PIR panels are made up of closed-cell polyisocyanurate foam, which is a synthetic material that looks like styrofoam but has a higher R-value and a slower rate of conductivity. They cannot be used as roofing or walls, but they can be used as insulation between framing members in your attic or basement. The insulation value of PIR varies depending on its thickness: 1 inch provides R 13 to R 18 per inch; 2 inches provide R 20 to 25 per inch; 3 inches provide R 26 to 36 per inch.

PU panels are made with open-cell polyurethane foam that's blown into place under pressure (no solvents) at high temperatures over specially designed forms that are typically made from recycled wood products such as plywood or particleboard (although some manufacturers use steel). This type of panel has been used for decades in residential construction because it's lightweight and easy to install without needing special tools or equipment—just some basic carpentry skills! It does not have the same level of performance as PIR insulation does when exposed directly outdoors—but then again nothing really does except maybe spray foam insulation foam boards.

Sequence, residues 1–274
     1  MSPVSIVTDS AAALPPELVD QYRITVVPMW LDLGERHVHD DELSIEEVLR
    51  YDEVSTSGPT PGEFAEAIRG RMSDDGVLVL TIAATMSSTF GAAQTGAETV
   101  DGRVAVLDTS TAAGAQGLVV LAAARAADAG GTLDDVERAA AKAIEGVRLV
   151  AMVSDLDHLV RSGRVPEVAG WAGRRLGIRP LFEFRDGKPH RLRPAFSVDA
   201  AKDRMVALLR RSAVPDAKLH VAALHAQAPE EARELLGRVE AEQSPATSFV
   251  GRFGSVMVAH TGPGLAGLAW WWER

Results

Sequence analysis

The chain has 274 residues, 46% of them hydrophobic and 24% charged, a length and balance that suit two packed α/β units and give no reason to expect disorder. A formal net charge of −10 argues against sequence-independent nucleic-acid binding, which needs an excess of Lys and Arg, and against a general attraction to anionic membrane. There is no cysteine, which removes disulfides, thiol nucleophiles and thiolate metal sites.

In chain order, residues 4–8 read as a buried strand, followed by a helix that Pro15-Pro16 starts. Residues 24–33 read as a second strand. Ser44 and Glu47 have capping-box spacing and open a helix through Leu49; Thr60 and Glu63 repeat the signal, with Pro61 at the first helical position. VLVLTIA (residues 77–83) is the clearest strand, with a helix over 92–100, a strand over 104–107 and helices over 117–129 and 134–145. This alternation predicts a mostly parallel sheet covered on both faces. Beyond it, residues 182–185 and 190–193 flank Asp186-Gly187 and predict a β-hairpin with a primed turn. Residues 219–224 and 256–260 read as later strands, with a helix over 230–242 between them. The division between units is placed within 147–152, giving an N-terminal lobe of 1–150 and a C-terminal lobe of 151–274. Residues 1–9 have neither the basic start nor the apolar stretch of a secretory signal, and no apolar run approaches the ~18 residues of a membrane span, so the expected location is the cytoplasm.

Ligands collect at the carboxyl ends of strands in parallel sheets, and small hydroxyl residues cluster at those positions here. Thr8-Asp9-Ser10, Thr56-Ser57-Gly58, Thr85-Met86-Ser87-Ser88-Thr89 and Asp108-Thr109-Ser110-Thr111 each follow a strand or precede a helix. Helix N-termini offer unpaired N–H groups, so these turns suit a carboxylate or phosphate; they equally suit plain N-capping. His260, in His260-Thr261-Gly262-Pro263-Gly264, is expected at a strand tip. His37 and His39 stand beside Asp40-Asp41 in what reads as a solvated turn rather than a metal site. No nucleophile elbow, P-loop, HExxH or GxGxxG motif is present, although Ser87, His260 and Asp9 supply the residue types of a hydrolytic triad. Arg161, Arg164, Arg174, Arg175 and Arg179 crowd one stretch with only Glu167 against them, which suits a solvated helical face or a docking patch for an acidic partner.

The raw material of the PU panel is polyurethane, which is a kind of polymer organic compound that is synthesized by the reaction between a diisocyanate or a polymeric isocyanate containing two or more two isocyanate groups and a macromolecular compound having active hydrogen atoms.

Polyurethane is a kind of polymer organic compound that is synthesized by the reaction between a diisocyanate or a polymeric isocyanate containing two or more two isocyanate groups and a macromolecular compound having active hydrogen atoms.


In contrast, the raw material of the PIR panel comes from the blowing agent (pentane) which is added to foam plastic. It’s a colorless, transparent liquid with an ether odour and it has low density, low boiling point, and low freezing point. When pentane evaporates, it will form gas bubbles in the foam plastic to change its structure, which causes it to become very light and porous. So in terms of structure, PIR panels are closed-cell structures while PU panels are open-cell structures.